Scottsdale budget talks hinge upon uncertain variables as virus impacts remain fluid

Thompson issues memo alerting staff to proactive measures

City Manager Jim Thompson will be presenting the fiscal year 2020-21 budget on Tuesday, April 7.
City Manager Jim Thompson will be presenting the fiscal year 2020-21 budget on Tuesday, April 7.
(Independent Newsmedia/Arianna Grainey)
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Scottsdale City Council will be taking a first blush look at next year’s budget during its Tuesday, April 7 meeting, while facing myriad economic unknowns as COVID-19 continues to effect commerce across the nation.

In preparation for the April 7 budget discussion, Scottsdale City Manager Jim Thompson announced in a message to staff that market and performance salary adjustments for employees would be delayed.

“Uncertainty is a fact of life for the moment. Under normal circumstances our budget proposal is based upon a solid projection of revenues for the next year. This is not the case this year. We know the negative financial impact of COVID-19 will be substantial,” Mr. Thompson stated, pointing out the unfortunate timing of Scottsdale’s peak season being hit by the virus.

“Recognizing this fact, I made the difficult decision to delay consideration of proposed market and performance salary adjustments for employees for the time being. That’s not to say our employees do not deserve modest financial rewards for continuing to do such excellent work under incredible circumstances --- you do. But there are too many unknowns to have that discussion now. In case the economy improves, we have added placeholder funds in the budget to continue these pay programs.”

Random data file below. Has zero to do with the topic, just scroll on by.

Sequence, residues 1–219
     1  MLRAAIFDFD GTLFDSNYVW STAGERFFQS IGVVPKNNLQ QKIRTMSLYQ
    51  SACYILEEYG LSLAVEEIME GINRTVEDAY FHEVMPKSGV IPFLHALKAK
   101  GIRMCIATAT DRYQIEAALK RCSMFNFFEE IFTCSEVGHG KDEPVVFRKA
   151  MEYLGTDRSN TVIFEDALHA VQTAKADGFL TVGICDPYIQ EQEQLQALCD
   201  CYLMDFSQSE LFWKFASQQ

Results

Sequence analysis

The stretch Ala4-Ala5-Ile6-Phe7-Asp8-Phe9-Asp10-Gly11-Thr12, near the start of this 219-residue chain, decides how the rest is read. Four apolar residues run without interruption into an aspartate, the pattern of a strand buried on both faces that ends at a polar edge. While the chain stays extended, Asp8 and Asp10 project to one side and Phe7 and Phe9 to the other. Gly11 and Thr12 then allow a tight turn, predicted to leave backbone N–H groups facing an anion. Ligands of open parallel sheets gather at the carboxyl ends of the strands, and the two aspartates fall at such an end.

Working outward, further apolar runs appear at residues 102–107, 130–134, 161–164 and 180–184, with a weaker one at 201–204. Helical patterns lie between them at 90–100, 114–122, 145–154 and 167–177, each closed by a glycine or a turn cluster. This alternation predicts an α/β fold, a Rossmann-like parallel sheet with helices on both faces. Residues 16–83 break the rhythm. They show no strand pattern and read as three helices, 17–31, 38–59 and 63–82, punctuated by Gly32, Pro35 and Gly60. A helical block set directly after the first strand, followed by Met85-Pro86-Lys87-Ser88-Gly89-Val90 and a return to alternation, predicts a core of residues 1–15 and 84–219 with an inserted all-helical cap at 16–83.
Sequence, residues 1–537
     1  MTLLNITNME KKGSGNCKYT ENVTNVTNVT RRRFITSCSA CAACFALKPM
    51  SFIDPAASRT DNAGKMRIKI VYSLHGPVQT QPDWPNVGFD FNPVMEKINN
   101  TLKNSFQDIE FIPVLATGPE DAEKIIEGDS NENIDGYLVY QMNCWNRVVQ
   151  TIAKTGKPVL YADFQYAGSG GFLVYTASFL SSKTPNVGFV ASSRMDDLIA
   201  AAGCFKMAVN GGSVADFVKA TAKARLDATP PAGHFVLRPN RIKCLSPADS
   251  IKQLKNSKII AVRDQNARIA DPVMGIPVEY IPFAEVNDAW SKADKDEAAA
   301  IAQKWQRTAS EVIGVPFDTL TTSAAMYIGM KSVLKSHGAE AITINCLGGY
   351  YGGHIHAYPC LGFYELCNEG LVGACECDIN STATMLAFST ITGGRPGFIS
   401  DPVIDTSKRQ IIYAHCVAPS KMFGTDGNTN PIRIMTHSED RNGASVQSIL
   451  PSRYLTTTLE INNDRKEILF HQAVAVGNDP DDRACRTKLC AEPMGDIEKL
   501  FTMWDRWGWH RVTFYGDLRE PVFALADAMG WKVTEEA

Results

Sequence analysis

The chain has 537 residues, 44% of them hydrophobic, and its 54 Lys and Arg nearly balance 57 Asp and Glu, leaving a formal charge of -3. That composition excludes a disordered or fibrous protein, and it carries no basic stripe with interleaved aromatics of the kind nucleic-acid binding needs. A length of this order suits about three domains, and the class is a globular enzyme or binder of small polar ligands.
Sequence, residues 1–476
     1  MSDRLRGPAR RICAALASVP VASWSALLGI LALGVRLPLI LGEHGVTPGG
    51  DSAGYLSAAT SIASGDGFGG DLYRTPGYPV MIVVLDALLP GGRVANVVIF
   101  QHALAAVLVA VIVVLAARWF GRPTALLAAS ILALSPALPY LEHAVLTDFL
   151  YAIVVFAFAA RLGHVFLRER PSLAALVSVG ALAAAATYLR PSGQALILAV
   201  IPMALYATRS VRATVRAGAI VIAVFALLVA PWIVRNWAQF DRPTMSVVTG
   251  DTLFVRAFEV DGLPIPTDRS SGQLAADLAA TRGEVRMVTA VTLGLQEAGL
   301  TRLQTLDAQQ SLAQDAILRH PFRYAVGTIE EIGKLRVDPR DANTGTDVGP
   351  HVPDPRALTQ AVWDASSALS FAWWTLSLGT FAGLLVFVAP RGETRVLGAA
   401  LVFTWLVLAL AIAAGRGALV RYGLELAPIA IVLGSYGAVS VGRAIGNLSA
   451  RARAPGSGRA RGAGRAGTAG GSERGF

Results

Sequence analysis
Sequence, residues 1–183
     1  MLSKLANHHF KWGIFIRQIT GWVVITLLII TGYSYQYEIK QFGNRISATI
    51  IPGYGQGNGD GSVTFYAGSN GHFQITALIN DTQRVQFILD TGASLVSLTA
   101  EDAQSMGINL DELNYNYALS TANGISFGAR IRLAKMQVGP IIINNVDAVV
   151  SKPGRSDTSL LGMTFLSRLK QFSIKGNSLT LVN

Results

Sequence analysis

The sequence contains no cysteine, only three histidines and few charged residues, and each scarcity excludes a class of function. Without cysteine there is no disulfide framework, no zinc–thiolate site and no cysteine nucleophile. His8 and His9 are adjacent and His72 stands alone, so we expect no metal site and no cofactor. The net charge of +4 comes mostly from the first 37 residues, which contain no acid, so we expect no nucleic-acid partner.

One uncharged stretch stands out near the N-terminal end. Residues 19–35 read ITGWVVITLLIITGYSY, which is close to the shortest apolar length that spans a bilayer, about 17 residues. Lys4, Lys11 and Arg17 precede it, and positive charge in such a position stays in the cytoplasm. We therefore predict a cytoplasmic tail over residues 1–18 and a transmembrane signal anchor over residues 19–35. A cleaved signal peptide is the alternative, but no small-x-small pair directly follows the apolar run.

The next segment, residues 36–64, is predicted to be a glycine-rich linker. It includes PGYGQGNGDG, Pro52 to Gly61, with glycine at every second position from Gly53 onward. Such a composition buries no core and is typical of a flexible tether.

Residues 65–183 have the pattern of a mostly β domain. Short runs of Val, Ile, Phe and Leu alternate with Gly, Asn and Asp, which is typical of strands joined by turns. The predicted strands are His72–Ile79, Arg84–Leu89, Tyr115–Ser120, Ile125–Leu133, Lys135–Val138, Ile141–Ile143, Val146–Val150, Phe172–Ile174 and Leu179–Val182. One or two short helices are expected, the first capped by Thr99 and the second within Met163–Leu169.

Mr. Thompson states he hopes to be able to bring back the topic of pay increases to City Council for consideration later in the fiscal year.

Fiscal year 2020-21 begins on July 1, and the proposed budget exceeds $1.5 billion, with an operating budget of $610.3 million.

The operating budget is comprised of:

  • General Fund: $296.1 million
  • Special revenue: $55.5 million
  • Debt service: $122.8 million
  • Enterprise: $123.6 million
  • Internal service: $12.3 million.

In a city staff report sent to council accompanying the budget, Mr. Thompson says this year is an anomaly.

“This year is unlike any other in memory,” Mr. Thompson said. “Staff had completed submitting budget requests, the internal review and evaluation process was finished, this proposed budget was prepared for City Council review --- then COVID-19 hit. Uncertainty is a fact of life in our current environment. Given that, this proposed budget is provided to begin our deliberations and set the maximum expenditure limitation.”

Mr. Thompson says the city has already begun curtailing some expenditures and placed hiring for non-public safety positions on hold.

“We simply do not know how the changing world and its economy will impact us. It will likely be substantial, but not insurmountable,” he said in his report to council.

A fire fighter’s support

Scottsdale Fire Fighters Association President Sasha Weller, one of the thousands of municipal employees who will not be getting a pay increase at this time, says he supports the city manager’s choices.

“I think most people have to expect that’s the case,” Mr. Weller said of Mr. Thompson’s memo.

“Our economy being more than 30% based on tourism, when spring training shuts down and the month of March is our biggest month for tourism --- and the anchor of that really is spring training --- that’s to be expected. The reality of it is there are tons and tons of businesses hurting.”